Given that the fallout from Games For Windows – Live (GFWL) is still being felt eight years after its launch, it takes no little chutzpah to get onstage at the Game Developers Conference and announce a new Windows gaming initiative. But if Xbox boss Phil Spencer’s GDC keynote is to be believed, things are on the up. Windows 10 will bring all of Microsoft’s gaming platforms together, from high-end PC to mobile, while PC players won’t face a repeat of GFWL’s online multiplayer charges. Xbox One, meanwhile, has seen an uptick in sales thanks to a price reduction and several exclusivity coups. We meet Spencer to discuss scepticism, VR, and the future of Windows gaming.
Are you concerned that people will associate your Windows 10 initiative with GFWL?
This will sound funny, but I embrace the scepticism people might have because of Games For Windows – Live. It’s in our past, and wasn’t a fleshed-out programme fully supported by the Xbox team; it was another thing that was separate. But if you bet on us for Games For Windows – Live, I can understand somebody saying, “Hey, you’re going to have to earn my trust back.” And that’s why when I stand there talking about it, I’m not showing any fancy videos, I’m not trying to pizzazz you with anything other than, “Here’s what we are; here’s what we’re trying to do. And the SDKs are available now.”
We’ve been active in signing up content because we also want to use our own tools and kind of live through that progression, so that when other developers come on board, we’ve got the mileposts in place to say, “Here’s what we’ve been able to do,” and be very transparent about the areas that aren’t done, so we don’t try to pull one over on anybody. But GFWL, I don’t want to dodge it, I’m not going to say it’s not something we had before. But the Xbox team is fully committed to expanding what we’re doing across all of the Windows 10 devices, and we’re getting the response – at least from the developer community – that [it] means something.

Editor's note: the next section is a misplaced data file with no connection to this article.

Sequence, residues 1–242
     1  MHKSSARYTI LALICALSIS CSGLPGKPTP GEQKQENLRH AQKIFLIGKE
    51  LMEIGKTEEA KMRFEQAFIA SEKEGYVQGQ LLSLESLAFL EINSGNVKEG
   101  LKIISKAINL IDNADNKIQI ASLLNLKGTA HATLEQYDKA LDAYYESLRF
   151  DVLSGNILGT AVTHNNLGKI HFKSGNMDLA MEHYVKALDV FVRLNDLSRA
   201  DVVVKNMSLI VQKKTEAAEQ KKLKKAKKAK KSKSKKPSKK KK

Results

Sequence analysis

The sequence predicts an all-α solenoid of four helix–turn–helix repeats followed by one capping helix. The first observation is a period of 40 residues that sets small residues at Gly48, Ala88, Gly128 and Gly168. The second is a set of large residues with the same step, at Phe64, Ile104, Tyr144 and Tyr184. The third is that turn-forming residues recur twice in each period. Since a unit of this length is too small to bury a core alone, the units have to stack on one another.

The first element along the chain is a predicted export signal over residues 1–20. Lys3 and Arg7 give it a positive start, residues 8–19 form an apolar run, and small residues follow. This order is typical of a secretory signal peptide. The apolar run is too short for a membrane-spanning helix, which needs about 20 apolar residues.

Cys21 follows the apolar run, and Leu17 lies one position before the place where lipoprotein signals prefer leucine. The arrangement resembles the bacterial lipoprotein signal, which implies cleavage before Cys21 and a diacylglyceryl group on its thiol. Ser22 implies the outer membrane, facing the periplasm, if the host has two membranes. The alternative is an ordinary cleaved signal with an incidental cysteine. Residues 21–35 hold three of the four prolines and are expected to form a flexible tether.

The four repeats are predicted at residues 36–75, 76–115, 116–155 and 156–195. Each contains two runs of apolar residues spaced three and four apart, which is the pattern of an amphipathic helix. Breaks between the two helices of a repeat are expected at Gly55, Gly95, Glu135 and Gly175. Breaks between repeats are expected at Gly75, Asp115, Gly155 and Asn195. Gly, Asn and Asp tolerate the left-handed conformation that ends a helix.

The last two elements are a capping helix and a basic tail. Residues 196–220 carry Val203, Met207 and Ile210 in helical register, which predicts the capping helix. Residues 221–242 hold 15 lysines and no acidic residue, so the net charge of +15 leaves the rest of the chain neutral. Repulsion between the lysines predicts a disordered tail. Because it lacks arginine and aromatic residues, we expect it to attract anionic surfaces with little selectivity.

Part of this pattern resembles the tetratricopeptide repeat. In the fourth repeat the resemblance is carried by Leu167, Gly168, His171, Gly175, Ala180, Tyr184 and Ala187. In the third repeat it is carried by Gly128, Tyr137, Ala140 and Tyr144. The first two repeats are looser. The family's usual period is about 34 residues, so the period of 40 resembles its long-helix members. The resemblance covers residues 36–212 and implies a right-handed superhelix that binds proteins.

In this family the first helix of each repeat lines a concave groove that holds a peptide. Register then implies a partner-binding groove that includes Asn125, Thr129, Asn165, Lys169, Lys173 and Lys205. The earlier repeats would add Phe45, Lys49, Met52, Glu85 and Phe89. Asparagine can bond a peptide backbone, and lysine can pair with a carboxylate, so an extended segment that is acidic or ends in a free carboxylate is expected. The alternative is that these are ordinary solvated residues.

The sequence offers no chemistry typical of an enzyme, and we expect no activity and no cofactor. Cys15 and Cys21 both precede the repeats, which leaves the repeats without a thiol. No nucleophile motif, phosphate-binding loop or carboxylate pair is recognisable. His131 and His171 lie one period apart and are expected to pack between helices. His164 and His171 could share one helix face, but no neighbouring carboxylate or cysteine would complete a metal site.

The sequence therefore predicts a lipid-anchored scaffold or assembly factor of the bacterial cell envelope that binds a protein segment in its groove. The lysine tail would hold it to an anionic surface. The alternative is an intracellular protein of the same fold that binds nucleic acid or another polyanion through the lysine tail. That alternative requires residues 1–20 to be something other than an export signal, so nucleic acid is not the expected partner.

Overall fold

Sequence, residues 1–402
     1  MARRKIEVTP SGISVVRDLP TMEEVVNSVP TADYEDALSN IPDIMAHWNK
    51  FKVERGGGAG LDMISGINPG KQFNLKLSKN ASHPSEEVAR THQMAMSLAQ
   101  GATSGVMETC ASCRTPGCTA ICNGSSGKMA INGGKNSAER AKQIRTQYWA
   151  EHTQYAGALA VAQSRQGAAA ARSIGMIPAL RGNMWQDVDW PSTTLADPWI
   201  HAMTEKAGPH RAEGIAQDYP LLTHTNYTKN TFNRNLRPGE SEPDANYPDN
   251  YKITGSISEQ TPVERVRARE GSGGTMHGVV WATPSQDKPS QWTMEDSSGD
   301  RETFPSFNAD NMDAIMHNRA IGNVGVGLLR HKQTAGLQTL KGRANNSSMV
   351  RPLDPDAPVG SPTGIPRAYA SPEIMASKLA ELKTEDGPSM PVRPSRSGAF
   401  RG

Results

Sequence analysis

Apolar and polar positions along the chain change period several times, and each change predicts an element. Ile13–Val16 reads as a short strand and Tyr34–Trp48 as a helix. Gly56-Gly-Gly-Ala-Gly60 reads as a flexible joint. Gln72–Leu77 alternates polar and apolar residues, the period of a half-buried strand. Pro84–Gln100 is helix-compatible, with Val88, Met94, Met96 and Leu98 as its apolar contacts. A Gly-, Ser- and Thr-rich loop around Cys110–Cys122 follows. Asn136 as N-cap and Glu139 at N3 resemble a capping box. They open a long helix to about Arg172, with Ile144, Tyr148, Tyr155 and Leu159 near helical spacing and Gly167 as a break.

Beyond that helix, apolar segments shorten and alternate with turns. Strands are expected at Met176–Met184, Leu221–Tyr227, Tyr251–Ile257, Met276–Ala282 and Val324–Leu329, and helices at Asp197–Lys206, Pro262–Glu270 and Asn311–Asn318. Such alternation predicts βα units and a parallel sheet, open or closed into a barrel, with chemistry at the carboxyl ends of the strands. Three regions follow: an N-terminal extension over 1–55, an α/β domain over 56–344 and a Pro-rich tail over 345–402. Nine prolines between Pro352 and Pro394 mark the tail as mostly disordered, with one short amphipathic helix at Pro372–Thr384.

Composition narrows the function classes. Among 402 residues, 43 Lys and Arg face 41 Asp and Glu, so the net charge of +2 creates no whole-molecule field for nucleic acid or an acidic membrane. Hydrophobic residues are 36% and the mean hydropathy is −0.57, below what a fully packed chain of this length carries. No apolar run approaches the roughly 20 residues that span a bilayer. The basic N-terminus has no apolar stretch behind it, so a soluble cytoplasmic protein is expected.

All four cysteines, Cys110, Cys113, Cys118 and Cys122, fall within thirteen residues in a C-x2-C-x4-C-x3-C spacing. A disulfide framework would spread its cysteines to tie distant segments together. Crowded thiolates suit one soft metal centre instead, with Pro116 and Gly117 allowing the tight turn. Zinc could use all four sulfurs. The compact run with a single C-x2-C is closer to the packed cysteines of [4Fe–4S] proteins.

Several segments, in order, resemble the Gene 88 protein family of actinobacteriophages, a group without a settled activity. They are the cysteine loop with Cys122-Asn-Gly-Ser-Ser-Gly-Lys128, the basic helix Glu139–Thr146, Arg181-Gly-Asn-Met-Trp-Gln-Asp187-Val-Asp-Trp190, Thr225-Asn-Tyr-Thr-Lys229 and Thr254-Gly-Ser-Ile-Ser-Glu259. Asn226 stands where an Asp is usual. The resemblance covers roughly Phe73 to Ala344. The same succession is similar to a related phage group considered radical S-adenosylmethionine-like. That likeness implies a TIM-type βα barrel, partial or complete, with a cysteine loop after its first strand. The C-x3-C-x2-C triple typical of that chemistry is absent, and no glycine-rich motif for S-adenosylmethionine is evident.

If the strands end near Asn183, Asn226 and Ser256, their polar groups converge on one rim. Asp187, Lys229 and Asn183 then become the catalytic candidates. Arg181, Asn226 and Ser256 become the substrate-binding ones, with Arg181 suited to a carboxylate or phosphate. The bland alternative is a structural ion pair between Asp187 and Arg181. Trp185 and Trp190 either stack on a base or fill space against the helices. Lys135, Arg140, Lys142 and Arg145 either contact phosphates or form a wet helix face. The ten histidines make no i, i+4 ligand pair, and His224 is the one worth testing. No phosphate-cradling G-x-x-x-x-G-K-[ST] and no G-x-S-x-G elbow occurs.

Windows 10’s unified Store promotes crossplatform apps and games. Where do you see it in relation to Steam?
I think Steam’s great, and they have a lot of my money – a large part of my games library is in Steam. Steam is very much a gamer’s store, but I think our Windows Store will start off with a diversity of content like the App Store or Google Play. I think there are enough gaming customers to go round, and I don’t expect anybody’s going to delete their Steam account when they buy a game in the Windows Store and vice versa. If you’re an Xbox developer, there are some tools that we’re providing that allow you to seamlessly move from Xbox to PC – Xbox Live and the Universal App Platform will be helpful for those guys. I love what Steam is doing – Valve is an innovative company, and I don’t think the world’s going to dissolve down to one retailer, either on the high street or digitally.
While PC platforms can make use of Rift, Vive and other thirdparty VR headsets, you currently have nothing on Xbox One to compete with Sony’s Project Morpheus. Is that something that’s on your mind?
It’s more of an announcement than anybody really having any VR stuff right now – and that’s not a shot at Sony. I mean, it’s hard tech, and I think it’s great what they’re doing with Morpheus. But they’ve announced [it for] the first half of 2016, so a little over a year from now. I look at VR as an interesting space. It’s certainly different to the mixed reality we do with HoloLens, but there’s nothing that precludes us from doing something in the VR space. As you say, there are partners out there, and while these guys are PC-based today, if we want to do something with Xbox… Right now, it’s just been about technologies and things that I think we need to do on Xbox One to make the experience better, and that’s where our focus has been. And I don’t think VR is a now thing. I’m not saying it’s five years from now, but it’s not really a now now thing. Valve’s got their VR thing, which I think is great; Samsung has GearVR, too. Funnily enough, they are very interested in Minecraft and how it could work in those VR spaces, so even from a content perspective there are a lot of conversations about VR, and I think it’s a very interesting tech for us to watch on the console side as well as the PC side.